If you believe in human rights than surely you believe human rights belong to everybody, not just to people we deem as worthy of them. If we are going to take away a person’s right such as their right to liberty then we need to do so only after serious deliberation, after we have decided, beyond reasonable doubt, that they seriously breached the law.
By providing everyone with a competent lawyer, and allowing for an appeal where their legal representation was flawed, we create a system which minimises the possibility that a person was sent to jail for the sole reason that the State created an unfair playing field.
By comparison, providing civil legal aid should not seem controversial at all. These people are not charged with a crime. Instead they may face losing their homes through bank repossession, domestic violence from an intimate partner, refusal of social welfare based on unfair decisions, inability to see their children or even something as basic as being unable to divorce their partner because they lack to resources to afford legal representation. Surely there could be no principled objections to providing these people with access to legal aid?
While most countries accept that criminal legal aid is required in order to ensure a fair trial, civil legal aid is not given the same focus. Of those countries which have State-funded civil legal aid, funding is usually incredibly limited and a number of countries have imposed upfront contribution fees which can deter those on a low-income.
Without proper legal representation a person will lose something important to them, and this also often has the effect of reinforcing poverty. A person can be thrown into homelessness, lose their job unfairly, be unable to access social welfare or be thrown more deeply into debt because they could not understand and take advantage of the legal process and it’s ability to uphold and defend their rights.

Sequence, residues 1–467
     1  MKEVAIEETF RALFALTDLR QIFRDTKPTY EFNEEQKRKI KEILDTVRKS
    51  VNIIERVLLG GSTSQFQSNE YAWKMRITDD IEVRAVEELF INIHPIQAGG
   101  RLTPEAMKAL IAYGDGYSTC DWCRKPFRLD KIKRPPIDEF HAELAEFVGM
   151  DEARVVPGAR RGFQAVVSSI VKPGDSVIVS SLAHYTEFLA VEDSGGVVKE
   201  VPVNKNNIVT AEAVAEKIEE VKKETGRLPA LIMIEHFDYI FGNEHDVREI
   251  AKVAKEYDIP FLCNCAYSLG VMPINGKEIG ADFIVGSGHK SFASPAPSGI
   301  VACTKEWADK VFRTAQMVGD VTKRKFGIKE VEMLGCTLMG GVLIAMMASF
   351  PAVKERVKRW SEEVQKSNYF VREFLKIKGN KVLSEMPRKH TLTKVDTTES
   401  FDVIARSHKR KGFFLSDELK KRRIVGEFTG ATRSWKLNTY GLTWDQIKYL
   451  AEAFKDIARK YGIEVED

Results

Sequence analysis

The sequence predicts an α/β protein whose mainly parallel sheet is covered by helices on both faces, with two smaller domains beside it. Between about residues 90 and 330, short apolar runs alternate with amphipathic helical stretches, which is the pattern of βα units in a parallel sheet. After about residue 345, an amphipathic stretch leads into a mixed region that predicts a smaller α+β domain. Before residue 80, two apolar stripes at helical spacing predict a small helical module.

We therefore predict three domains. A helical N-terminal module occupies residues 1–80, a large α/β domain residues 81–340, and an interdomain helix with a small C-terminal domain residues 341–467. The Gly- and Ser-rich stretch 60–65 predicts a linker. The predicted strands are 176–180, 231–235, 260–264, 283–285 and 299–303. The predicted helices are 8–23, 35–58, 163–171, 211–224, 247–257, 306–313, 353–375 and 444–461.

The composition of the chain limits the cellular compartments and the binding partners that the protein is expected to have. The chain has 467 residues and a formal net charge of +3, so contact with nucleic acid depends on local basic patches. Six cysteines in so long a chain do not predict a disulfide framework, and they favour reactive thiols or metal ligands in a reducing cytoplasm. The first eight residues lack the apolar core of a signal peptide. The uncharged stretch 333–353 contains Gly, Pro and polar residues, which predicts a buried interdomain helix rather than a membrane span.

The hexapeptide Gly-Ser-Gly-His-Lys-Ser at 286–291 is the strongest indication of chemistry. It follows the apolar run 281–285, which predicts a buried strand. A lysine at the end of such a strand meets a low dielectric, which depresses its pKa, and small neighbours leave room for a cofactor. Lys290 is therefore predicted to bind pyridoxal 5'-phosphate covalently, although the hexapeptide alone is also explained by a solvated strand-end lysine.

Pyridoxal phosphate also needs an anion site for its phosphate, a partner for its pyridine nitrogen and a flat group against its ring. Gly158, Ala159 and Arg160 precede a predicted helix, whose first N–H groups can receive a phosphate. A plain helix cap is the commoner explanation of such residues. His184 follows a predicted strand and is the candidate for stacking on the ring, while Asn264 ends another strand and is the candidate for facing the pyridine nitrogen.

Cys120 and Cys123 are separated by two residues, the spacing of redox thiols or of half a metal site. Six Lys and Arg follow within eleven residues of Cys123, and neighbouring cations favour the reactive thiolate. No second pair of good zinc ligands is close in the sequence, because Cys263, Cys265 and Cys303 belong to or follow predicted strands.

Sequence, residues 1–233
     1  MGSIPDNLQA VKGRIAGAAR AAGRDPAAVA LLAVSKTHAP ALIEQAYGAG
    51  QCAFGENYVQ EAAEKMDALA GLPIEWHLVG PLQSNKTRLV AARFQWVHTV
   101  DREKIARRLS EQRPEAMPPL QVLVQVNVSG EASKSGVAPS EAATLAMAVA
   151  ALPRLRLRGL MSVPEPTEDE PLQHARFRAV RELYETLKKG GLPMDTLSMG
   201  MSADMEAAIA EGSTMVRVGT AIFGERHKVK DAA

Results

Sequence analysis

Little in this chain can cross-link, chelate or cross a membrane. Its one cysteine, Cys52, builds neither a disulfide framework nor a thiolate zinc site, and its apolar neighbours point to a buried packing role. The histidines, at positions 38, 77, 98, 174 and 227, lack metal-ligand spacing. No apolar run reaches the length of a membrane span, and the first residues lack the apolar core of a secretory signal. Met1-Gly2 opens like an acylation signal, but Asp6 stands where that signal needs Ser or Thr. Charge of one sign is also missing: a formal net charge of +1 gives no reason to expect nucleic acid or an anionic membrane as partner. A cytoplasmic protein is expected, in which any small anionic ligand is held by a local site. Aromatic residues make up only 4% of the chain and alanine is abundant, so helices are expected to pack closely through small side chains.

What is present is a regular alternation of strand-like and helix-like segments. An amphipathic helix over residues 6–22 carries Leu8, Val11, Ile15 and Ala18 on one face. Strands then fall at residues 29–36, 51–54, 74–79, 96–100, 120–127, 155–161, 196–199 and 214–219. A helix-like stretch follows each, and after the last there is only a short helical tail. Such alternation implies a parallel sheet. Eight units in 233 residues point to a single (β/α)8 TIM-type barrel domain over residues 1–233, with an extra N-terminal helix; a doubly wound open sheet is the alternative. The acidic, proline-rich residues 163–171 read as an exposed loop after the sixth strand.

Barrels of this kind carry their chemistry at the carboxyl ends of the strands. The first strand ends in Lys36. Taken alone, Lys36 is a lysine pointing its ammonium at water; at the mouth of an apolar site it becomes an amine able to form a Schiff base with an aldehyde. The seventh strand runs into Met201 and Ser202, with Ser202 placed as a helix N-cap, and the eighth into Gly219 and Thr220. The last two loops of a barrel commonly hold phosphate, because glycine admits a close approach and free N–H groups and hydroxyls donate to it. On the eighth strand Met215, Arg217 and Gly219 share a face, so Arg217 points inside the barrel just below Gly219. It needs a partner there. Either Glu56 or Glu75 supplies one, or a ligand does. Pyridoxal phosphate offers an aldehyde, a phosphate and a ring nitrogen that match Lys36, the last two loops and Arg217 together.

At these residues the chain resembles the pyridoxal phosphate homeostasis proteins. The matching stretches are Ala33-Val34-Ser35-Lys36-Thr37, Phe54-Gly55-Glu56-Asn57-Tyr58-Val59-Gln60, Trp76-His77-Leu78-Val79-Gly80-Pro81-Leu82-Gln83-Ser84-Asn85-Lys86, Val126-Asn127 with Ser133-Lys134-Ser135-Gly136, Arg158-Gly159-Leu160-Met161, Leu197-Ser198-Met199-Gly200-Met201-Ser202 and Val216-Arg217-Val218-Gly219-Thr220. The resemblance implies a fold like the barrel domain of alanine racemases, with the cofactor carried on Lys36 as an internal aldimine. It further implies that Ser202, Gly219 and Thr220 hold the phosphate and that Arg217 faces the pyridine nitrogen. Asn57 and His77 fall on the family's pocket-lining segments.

It also makes financial sense for the State to provide civil legal aid. A study from Citizen’s Advice in the UK found that:
- For every £1 of legal aid expenditure on housing advice, the state potentially saves £2.34.
- For every £1 of legal aid expenditure on debt advice, the state potentially saves £2.98.
- For every £1 of legal aid expenditure on benefits advice, the state potentially saves £8.80.
- For every £1 of legal aid expenditure on employment advice, the state potentially saves £7.13.
This is as a result of the saving to public services and the courts system and the gains in work productivity and good health outcomes where potentially serious situations are diverted at an early stage. Yet we are seeing cuts to civil legal aid budgets the world over.
Australian Prime Minister Tony Abbott says he is ‘infuriated’ that people felt entitled to use tax-payer funding to challenge public policy. UK Justice Secretary Chris Grayling asks why should overseas nationals be entitled to legal aid when they’ve never lived in Britain? Irish policitians continually ask the Minister for Justice why repeat criminal offenders are entitled to free legal aid.
Politicians do a very good job of creating an ‘us versus them’ narrative. Why should honest, hardworking tax-payers have to pay for criminals and scroungers?
One of the fundamental tenets of the rule of law is that laws apply to everyone equally and everyone has equal access to justice. Many different people, from Churchill to Truman and Mahatma Ghandi, have restated the belief that you judge a society by how it treats its disfavoured people. The challenge to access to justice is insidious – it chips away at the right slowly by disenfranchising unpopular groups like prisoners and immigrants.
We say that access to justice is important to us and important to society, but we often don’t put our money where our mouth is, or decide that access to justice is good for some but not for others. We have to decide that access to justice is a right, applicable to everyone, otherwise it loses its meaning.